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I am currently reviewing 80,000 pages of the newly released Pfizer documents, so please subscribe to give me some encouragement! Whilst doing so, I came across numerous references to advisory meetings between BioNTech and the Paul Ehrlich Institut (PEI) on 6th February 2020. The PEI is the German regulatory body and research institution for vaccines and biomedicines and as I’m sure you’re aware, Pfizer partnered with BioNTech, a German pharmaceutical company to produce their Covid vaccines.
This information is not new but it got me thinking about the speed of BioNTech’s vaccine development. Was this early development incredible foresight and a calculated risk by BioNTech or were they privy to information that was not being publicly shared?
BioNTech called their vaccine development “Project Lightspeed” and the early timeline, from their website, goes as follows:
January 12,2020: - SARS-CoV-2 genetic sequence
Ugur Sahin read a publication in the Lancet about a new virus that emerged in the Chinese province of Wuhan.
Immediately, Ugur realized that this virus had the potential to spread beyond Chinese borders. Not only was the virus novel and highly infectious, but treatments were also unavailable and several infected individuals did not show any symptoms. In addition, Wuhan is a heavily populated city with over one million inhabitants that is highly connected to the rest of the world.
He discussed this with Özlem Türeci and the management team and, a few days later, BioNTech initiated “Project Lightspeed” in order to develop a potential vaccine against COVID-19.
Mid-January 2020: Start of global development program
Subsequently, BioNTech selected potential vaccine candidates and conducted non-clinical studies.
Shortly thereafter, the team initiated GMP production of its vaccine candidates (in Germany) for potential clinical studies.
March 16/17 2020: Collaborations
BioNTech announced a development and commercialization collaboration with Fosun Pharma. Together, the companies aim to develop BioNTech’s mRNA vaccine candidate in China to prevent COVID-19 infections.
BioNTech and Pfizer signed a letter of intent to develop and commercialize the mRNA-based vaccine against the coronavirus outside of China. The collaboration with Pfizer built on the existing influenza partnership.
Ugur Sahin (referenced above) co-founded BioNTech with his partner and spouse Ozlem Tureci. According to the timeline, on 12 January, Ugur read a publication in the Lancet and within the space of a few days, managed to convince the rest of the company to develop a new vaccine. Again, within a few days, they selected vaccine candidates. And finally, a couple of weeks later they were discussing vaccine trials with the German regulatory authority.
Now maybe it is quite possible for all that to happen so quickly, and if so, hats off to them. However, even if the timing wasn’t an issue, what about the risk?
In a 2018 study in The Lancet Global Health, the estimated cost of early development and initial clinical safety trials for a typical vaccine is between $31-$68 million. In an accelerated timetable with a new coronavirus, this cost might be higher.
Would a large pharmaceutical company really risk that much money on a virus that might fizzle out?
On 12th January, no new cases had been reported in China since 5 January, although Wuhan hospitals were beginning to fill up. The WHO said that there was no clear evidence that the virus passes easily from person to person. China had only reported one death by this point.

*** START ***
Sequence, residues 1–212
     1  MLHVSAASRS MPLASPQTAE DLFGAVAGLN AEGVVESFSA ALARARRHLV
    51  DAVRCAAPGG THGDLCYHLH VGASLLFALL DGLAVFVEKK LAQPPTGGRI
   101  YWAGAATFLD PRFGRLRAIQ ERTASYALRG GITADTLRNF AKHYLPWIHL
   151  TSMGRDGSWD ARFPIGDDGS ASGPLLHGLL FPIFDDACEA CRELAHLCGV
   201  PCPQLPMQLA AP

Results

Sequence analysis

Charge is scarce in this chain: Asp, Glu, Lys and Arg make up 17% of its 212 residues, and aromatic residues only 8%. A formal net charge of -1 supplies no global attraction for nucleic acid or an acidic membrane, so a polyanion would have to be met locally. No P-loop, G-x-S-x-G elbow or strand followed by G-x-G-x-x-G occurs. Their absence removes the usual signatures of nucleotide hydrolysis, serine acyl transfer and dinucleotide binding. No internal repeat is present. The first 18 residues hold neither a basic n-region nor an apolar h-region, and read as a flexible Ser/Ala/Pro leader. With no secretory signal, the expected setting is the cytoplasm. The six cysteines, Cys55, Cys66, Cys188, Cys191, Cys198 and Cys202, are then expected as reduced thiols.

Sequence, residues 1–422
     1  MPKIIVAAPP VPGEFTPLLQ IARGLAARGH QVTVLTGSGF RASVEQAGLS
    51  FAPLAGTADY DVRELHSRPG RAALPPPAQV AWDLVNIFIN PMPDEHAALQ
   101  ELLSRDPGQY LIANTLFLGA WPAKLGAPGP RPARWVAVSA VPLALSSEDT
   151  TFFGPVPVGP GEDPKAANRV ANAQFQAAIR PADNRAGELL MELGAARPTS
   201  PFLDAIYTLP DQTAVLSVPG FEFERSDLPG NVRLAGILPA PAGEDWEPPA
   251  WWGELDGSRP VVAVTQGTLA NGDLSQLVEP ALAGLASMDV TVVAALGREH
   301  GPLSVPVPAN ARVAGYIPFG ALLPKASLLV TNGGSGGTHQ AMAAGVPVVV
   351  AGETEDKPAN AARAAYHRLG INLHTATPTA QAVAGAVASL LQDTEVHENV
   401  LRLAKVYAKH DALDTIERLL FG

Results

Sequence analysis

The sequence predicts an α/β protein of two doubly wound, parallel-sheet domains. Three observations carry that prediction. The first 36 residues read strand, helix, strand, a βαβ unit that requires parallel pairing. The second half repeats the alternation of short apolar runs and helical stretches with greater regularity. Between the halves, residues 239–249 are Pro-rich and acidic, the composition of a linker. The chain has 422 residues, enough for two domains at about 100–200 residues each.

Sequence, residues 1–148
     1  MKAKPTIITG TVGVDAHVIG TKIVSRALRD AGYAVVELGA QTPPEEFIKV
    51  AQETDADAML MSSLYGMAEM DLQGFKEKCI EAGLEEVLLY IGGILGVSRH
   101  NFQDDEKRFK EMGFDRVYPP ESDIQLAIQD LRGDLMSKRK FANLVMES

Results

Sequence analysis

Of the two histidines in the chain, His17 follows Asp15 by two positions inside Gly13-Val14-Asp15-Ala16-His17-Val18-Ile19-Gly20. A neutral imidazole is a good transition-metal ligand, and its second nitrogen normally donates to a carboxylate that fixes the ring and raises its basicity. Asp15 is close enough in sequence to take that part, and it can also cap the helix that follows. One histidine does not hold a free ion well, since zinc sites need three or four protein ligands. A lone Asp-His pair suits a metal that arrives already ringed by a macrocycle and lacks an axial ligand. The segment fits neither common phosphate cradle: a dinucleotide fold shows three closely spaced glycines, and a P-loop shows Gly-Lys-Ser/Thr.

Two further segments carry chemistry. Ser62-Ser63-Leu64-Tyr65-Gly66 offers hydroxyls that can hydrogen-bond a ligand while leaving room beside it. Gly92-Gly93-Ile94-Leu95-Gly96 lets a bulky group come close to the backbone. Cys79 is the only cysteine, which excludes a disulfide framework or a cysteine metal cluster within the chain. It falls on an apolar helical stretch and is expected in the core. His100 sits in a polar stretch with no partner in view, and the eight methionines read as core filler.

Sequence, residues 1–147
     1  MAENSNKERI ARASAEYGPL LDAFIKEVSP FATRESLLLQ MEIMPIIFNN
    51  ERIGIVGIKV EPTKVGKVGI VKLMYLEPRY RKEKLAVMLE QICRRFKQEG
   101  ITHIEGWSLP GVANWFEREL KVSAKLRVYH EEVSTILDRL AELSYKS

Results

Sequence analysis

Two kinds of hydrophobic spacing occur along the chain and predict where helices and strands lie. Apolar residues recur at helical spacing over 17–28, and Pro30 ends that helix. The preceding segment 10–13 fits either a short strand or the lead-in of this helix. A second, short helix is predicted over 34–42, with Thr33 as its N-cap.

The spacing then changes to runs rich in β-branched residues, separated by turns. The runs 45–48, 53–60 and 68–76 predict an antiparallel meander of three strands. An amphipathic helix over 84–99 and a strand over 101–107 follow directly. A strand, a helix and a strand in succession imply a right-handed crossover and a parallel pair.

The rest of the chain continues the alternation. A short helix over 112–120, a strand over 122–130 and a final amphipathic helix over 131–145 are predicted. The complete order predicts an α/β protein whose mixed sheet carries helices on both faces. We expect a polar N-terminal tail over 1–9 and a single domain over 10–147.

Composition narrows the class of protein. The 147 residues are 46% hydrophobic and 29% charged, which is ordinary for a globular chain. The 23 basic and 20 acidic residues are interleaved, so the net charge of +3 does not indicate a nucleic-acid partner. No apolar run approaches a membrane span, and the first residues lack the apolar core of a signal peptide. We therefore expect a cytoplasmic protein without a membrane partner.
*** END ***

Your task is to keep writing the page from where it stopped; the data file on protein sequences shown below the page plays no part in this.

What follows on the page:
By 6th February, when BioNTech were already in detailed discussions with PEI, 545 people in China had died and there were only 31 cases in Europe.
It was only on 1 February 2020 that Jeremy Farrar of the Wellcome Trust and Anthony Fauci were discussing whether the virus came from a lab leak and how they should respond.
Furthermore, it was only on 30 January 2020 that the WHO declared a Public Health Emergency.
Without discussing how well the vaccines work etc, if Ugur took the massive risk to spend a lot of money developing a vaccine under “Project Lightspeed” that early on, then again, hats off to him.
But to me, risking tens of millions of dollars on an article read in the Lancet seems dubious. And convincing the whole company to go along with it seems far fetched without further information to back it up. This was a company that was primarily focused on cancer vaccines although they had started a R&D collaboration with Pfizer for a flu vaccine in 2018. They had no experience at all of coronaviruses.
I’ll say it again, maybe Ugur could sense what was coming, took a great financial risk and hit the jackpot. Again, without commenting on the actual vaccines themselves, if that is the case, I congratulate him for great entrepreneurship.
However, I suspect that Ugur knew more than just what he had read in the Lancet. And if Ugur knew enough to risk tens of millions of dollars then so did the WHO and other public health authorities. As I’ve explored before, there is mounting evidence suggesting that the virus was already spreading globally in 2019.
So, when did our governments really know about the spread of Covid? If it was already widespread then did the panic produced by the response in March/April 2020, cause many of the excess deaths, instead of the virus itself?
Was the early vaccine development a gamble or a calculated risk with knowledge that had not been released to the public? And why is Bill Gates always so great with his timing? BioNTech received a capital contribution of $55 million from the Bill & Melinda Gates Foundation in September 2019, just before Event 201, with an option of doubling that investment at a later date. To be fair, this was just before BioNTech’s Nasdaq IPO but still, great timing! Share prices rose 28 fold in 2 years after that.
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